Edited by m. zillch - 7/24/13 at 5:51pm
Originally Posted by erhurd
Assuming it is all working properly, you have well above average gear which should work about as well as one can expect, short of building a dedicated new room, just for your home theater. As a retired audio system designer for over 20 years, I do however spot an issue I would advise fixing, and the good news is it is totally free to do so! The left speaker should be equidistant from the center TV screen, compared to the right, and based on the 2nd picture you show, above, it does not appear to be. [The goal is bi-lateral symmetry with the center of the TV on the same axis.] The main audio rack and the left speaker should therefor swap positions to correct this.
This may place the L and R speakers slightly closer to each other than you are used to, but that is far less objectionable than the first fault and actually may improve the tightness of imaging (localization) at the expense of a slightly narrower sound stage. Give it a go and see what you think. You can easily switch back if you don't like it.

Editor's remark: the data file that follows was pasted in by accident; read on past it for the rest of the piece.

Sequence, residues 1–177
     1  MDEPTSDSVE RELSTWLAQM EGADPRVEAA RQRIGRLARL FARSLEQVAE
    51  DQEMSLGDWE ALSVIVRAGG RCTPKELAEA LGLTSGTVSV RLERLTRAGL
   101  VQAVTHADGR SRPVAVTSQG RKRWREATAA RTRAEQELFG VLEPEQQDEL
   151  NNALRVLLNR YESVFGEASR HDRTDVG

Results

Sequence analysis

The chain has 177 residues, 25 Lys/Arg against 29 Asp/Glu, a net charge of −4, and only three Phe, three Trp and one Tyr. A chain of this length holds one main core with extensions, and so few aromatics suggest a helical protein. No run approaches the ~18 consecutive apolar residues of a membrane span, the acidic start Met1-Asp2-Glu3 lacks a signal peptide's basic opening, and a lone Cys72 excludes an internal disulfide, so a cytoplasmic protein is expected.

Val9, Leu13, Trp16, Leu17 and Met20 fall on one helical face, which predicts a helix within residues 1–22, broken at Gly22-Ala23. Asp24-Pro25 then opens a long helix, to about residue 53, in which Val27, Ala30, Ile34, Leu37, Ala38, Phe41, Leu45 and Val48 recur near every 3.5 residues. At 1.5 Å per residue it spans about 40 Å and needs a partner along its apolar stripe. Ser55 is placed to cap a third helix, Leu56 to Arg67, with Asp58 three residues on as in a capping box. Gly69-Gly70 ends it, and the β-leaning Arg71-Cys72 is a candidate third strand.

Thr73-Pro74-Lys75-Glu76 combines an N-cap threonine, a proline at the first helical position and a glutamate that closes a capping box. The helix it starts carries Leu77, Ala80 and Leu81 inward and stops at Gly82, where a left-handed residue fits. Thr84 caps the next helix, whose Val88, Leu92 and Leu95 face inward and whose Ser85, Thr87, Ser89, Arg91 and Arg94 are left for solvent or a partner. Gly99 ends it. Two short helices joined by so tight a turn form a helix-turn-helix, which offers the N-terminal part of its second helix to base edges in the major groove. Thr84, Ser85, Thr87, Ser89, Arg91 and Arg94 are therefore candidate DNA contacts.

As a less important refinement I would also advise placing the three front speakers at a more similar tweeter height. That would mean having to buy new stands, but in the interim you could at least attempt to improve matters by moving the tweeters a few inches downward, simply by flipping the L and R speakers upside down. [This should make lateral panning of sounds across the front sound stage better and not seem to dip downward in the center, yet peak upward when at the sides, making a "smiley face".] Again, free of charge to try out and you can always switch back if you don't like it. [There's no rule tweeters must be on top, it is simply a design trend, and if you don't mind the looks you can simply leave it that way].
Obviously if you make any of these alterations it also means having to re-run Audyssey calibration. Don't even think about making these changes and attempting to listen to the results without re-running the calibration first.